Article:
I have a number of “core” brushes that I use for work all of the time. Over the years, I have managed to add a few to that “core” number of brushes. It’s a big deal, because as an artist, you end up picking up the same brushes over and over. In time, you get to “know” the brushes that you use; what they are good at and what they are good for.
My latest additions are these brushes from the Kumadori Brush Collection by Japonesque. If you are a makeup fan, you might think that these brushes are from the Kabuki Collection of Nars Cosmetics.
For the sake of comparison, on first glance, the wisteria wrapped handle of the Nars Kabuki Brush Collection is shinier than that of the Japonesque Kumadori Brush Collection. There are also other subtle differences in product design like: the handle designs, the ferrule designs, and the brush head design. Go see for yourself.
I have been told that Japonesque produces the Kabuki Brush Collection of Nars Cosmetics, but I could not find substantial information to know this to be 100% true. One other possibility is that, both these companies might have the same manufacturer in China.
The Japonesque Kumadori Brush Collection is inspired by Kumadori.
Kumadori is actually a makeup style worn by Kabuki actors who perform in the aragoto style. Aragoto is an acting style where in Kabuki actors perform using exaggerated, dynamic body movements and dramatic vocals to portray their characters. Kumadori. is described as the use colors applied in stripes or in a specific pattern over white foundation to depict the character he is playing. To read more about Kumadori read on at http://goinjapanesque.com/10660/.
The Japonesque Kumadori Brush Collection is a collection of 5 brushes. All of which have a plastic handle that is wrapped in Wisteria bark. Some people might not like having a textured brush handle, but I like it. It gives me some traction, securing my grip which prevents the brush from slipping through my fingers.
The brushes are very versatile. The bristles are made from natural fibers which feel very soft and very luxurious. You can use these brushes for powder, cream and liquid products.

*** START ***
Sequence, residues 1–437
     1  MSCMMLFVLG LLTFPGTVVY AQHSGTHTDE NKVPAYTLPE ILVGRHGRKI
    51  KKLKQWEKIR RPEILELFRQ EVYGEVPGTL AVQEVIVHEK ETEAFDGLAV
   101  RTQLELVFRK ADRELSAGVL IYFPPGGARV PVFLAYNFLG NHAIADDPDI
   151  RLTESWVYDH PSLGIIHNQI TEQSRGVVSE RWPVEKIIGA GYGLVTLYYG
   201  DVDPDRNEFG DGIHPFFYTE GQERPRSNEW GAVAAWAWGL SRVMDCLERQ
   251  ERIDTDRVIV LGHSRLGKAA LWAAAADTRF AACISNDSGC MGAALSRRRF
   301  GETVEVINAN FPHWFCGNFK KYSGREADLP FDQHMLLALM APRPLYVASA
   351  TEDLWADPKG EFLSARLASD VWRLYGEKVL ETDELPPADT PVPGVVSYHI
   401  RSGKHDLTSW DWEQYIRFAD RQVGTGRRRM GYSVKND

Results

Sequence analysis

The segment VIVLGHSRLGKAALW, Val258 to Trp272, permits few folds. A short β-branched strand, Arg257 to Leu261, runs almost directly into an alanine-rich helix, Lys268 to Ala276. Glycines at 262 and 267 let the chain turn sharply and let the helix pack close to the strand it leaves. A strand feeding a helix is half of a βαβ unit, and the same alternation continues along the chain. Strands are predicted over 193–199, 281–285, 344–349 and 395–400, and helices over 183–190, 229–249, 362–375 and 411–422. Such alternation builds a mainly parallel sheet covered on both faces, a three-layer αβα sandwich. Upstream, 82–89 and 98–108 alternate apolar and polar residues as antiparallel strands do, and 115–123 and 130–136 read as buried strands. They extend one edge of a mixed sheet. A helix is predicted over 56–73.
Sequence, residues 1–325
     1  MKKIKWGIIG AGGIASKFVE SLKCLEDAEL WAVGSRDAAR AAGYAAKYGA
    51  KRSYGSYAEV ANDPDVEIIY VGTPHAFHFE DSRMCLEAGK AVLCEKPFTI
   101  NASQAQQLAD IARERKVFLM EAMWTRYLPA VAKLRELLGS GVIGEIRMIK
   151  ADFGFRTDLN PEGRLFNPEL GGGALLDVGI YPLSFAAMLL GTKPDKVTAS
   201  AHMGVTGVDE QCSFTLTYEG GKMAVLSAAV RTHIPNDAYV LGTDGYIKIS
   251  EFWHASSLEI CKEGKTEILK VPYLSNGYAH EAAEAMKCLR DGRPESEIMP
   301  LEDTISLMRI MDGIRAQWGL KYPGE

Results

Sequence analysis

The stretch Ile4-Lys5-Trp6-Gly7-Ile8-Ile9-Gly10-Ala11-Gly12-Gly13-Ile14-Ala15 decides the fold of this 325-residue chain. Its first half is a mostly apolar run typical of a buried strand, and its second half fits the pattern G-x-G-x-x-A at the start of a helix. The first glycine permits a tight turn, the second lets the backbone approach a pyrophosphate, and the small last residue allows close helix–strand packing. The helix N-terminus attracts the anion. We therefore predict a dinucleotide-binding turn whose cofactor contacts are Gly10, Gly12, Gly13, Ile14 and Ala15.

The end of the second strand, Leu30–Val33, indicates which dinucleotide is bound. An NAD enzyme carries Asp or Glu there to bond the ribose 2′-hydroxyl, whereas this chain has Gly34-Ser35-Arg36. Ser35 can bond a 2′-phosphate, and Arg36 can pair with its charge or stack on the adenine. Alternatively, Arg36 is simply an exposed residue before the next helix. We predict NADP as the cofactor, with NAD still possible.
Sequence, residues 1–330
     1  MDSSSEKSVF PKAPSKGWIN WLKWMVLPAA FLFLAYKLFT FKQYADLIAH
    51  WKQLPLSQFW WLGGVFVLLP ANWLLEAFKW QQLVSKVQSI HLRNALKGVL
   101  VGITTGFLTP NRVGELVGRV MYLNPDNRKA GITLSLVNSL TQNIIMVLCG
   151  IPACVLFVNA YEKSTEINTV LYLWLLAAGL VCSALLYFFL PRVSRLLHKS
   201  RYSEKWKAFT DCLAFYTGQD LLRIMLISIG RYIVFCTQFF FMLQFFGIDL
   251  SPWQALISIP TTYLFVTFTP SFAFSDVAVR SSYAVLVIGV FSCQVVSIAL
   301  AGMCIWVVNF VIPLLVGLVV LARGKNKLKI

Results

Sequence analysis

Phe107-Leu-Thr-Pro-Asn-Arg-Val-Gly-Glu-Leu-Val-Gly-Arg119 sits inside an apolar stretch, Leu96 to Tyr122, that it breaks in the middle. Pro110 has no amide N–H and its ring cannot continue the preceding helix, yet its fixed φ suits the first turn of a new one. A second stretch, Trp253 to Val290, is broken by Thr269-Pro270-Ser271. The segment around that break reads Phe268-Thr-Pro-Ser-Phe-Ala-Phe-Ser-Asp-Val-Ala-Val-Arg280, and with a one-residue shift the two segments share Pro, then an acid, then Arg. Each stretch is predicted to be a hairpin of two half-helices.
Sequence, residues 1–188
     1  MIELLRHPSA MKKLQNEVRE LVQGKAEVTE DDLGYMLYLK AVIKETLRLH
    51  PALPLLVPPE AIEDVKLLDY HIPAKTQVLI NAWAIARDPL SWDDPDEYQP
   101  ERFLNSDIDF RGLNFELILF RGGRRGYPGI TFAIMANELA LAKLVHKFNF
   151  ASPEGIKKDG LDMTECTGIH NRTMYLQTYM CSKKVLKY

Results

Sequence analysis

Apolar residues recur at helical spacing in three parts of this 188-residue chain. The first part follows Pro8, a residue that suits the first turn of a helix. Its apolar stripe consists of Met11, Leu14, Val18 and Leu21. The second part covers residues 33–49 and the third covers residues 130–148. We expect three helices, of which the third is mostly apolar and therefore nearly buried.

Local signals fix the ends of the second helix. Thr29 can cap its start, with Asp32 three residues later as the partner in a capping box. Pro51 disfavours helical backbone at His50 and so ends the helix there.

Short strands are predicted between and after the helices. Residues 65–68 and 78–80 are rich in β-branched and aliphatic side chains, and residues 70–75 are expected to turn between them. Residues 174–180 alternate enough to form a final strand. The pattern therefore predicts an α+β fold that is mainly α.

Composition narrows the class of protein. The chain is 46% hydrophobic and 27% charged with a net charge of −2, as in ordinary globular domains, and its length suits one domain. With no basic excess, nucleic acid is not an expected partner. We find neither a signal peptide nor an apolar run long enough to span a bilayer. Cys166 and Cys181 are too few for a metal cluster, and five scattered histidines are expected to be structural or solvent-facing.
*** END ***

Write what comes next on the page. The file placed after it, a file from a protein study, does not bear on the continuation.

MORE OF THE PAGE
The wisteria bark, brushes handles and the bristles are dyed black. So always wash the bristles with warm water and soap before using. Don’t be alarmed by the dark dye getting flushed by the water, it eventually clears after the initial wash.
Of the 5 brushes in the collection, I purchased these three:
This is great to use when you want to have a thin veil of powder on your face.
I primarily use this brush for powder applications when I want to set foundation. I also use this as finishing brush when using loose powders.There have been times I have used this for applying and blending out powder contour.
The bristles are tapered and not as compact as other powder brushes.
I use this brush mostly in applying bronzer. The brush head is tapered and fluffy. It picks up the right amount of color and helps me deliver it evenly on the skin.
I have tried applying blush, in powder and cream formulas. As seen here, I prefer to use my Mitsuyoshi Yachiyo Brush for this purpose because the brush heads are white. This enables me to see the color of the blush, unlike the black brush heads of the Kumadori Countour/Highlighting Brush.
I use this brush as a secondary highlighting brush. I find the bristles too “stiff”. I had to re-train my hands in using this brush because, if one is to heavy handed, streaking happens. It’s best to use this brush with a very light hand. In terms of comparison, I prefer to use the badger Beautemps Fan Brush. The bristles are softer, less compact and it picks up a small amount of product that is perfect for layering.
To see the two other brushes from this collection click on their names:
I bought these brushes during my trip to the US in 2016. Cholo and I were visiting our good friend Frankie in Maryland. We were walking along Downtown Silver Spring, a complex of shops, and I saw an ULTA! In the US, these brushes are only available at ULTA or at ULTA.com. Prior to arriving in the continent, I had already planned to visit an ULTA physical store to get these brushes. While I was at Los Angeles and New York, I totally forgot to visit a store. I thank serendipity for showing me to ULTA when we were on our way to the parking lot.
The Kumadori Powder Brush retails for $ 28 [Php 1500 +-] (exclusive of tax).
The Kumadori Fan Brush retails for $19 [Php 1000+-] (exclusive of tax).
The Kumadori Contour/Highlight Brush retails for $19 [Php 1000 +-] (exclusive of tax).
Check these brush out at ULTA.com.
These brushes are also available here at the Philippines at the Beauty Bar.
The Kumadori Powder Brush retails for Php 2095.00.
The Kumadori Contour/Highlight Brush retails for Php 1395.00.
The Kumadori Fan Brush retails for Php 1295.00.
Check out the Kumadori Contour/Highlight Brush in action on my Red Carpet Inspired Glam Makeup Look video.
Let me say that the products I am using has worked for me and it might not necessarily work for you. Always be discerning when purchasing cosmetics or skin care products. Always read the label and the literature! Always do a patch test before you purchase a product for the first time to see that you are not allergic to any of the ingredients listed.
This is not sponsored. The products that are shown here are the products that I always use, love and live by.
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